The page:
As my time in the VetsWork program approaches closure I find myself in a reflective state. I am at a point where I am trying to quantify my experience and figure out what my next step should be. One of the most important lessons learned while working with the Forest Service is that this land and its resources belongs to all of us. Agencies like the Forest Service exist to manage, but it is up to all of us to ensure sustainability. Why? Why is sustainability so important? Well, to paraphrase a popular sentiment: the world doesn’t belong to us. It belongs to our children. Therein lies my desired path forward.
What does it mean to recognize that the world belongs to future generations more so than us? Well, I believe it puts us in the correct mind frame. It also enables us to create a personal framework for spreading this message, whether we are consciously aware of it or not. We best spread the message of resource sustainability by enjoying the pleasures those resources offer. When we enjoy something it becomes natural to share that enjoyment. Before you know it, you care about the continued existence of those resources. Perhaps your motivation for caring is selfish. Maybe you only care about the land because you want to continue to hunt on it. You want your children to hunt on it. Perhaps camping is your “buy in” to sustainability. The motivation isn’t as important as the end result. You are a soldier in the battle for sustainability all the same.
My time here has rekindled a personal love for the outdoors and our environment. I have also become increasingly aware of the importance of our natural environment and how its care directly touches on a myriad of life’s experiences. My hope for the future is to share my rediscovered passion with others and show them where their “buy in” for sustainability can be found.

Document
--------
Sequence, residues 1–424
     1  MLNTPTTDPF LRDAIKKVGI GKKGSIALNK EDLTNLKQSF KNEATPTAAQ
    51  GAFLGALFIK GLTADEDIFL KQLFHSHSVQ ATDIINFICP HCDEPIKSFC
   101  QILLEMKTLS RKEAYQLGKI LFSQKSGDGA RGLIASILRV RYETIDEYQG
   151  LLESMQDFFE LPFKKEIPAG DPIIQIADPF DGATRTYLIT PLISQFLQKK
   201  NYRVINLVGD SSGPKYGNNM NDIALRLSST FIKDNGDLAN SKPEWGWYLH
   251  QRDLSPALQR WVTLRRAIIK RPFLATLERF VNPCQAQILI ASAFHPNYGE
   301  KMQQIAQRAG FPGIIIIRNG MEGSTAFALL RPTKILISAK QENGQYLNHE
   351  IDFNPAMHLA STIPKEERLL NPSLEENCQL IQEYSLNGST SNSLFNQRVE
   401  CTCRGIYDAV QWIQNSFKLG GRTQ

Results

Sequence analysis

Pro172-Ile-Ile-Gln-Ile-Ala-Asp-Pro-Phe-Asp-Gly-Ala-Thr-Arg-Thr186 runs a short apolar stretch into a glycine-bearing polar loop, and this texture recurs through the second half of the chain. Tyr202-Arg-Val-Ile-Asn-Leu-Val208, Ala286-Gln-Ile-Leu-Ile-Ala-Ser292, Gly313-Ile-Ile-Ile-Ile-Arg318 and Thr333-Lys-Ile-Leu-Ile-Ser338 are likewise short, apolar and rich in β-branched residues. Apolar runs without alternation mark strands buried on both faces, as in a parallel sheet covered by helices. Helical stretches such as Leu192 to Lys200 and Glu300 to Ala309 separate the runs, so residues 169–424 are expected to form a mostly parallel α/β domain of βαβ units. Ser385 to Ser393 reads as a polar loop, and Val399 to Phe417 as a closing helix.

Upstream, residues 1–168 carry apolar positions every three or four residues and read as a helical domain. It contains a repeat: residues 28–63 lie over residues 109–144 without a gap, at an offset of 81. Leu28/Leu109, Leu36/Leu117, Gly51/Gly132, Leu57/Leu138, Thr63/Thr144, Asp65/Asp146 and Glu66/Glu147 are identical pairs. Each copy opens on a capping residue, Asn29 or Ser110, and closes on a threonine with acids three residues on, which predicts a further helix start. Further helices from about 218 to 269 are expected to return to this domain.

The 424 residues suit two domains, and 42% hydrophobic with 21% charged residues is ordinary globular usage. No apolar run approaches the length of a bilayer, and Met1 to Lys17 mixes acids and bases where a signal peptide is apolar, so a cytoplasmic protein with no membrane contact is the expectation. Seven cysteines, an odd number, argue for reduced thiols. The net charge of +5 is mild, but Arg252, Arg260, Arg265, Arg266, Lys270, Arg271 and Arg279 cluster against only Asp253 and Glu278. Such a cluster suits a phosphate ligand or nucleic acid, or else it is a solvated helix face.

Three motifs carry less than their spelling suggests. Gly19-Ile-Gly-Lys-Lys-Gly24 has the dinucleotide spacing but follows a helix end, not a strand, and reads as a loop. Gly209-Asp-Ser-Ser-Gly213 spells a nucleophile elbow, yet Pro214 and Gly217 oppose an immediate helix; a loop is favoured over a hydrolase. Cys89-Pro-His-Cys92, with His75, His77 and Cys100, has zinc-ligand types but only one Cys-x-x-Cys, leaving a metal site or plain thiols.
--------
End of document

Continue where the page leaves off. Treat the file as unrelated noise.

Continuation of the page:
Even those who wouldn’t usually identify as an outdoor type enjoy visiting the outdoors. These people find their buy in through the many destinations accessible by personal vehicle. Road side waterfalls like the ones found at Dry Falls and Bridal Veil Falls are a popular destination to those visiting the Nantahala. If you want a breathtaking vista from a mountain top, you can drive right up to Wayah Bald and experience a sight usually reserved for serious hikers. If camping is the passion you wish to pass down to future generations, then again, the Nantahala is the place for you. Here you can camp at one of the many primitive sites or pop your tent up adjacent to a shower. If recreational vehicles are your thing than you can find campsites here where you are surrounded by nothing but trees and RVs. Hiking trails are as abundant and varied as the wildlife.
While here I like to think I have played a part as a facilitator to the outdoors. I have worked hard during these last several months to maintain and improve some of the resources people use on this Forest. My personal hope for the future is that I can continue to educate people on the importance of sustainability. One major way I feel I can do this is by taking the outdoors, shining them up real nice and selling you your buy in.
Actually, I’m selling it to your kids, so take care of it.
“Society grows great when old men plant trees whose shade they know they shall never sit in.”― Anonymous Greek Proverb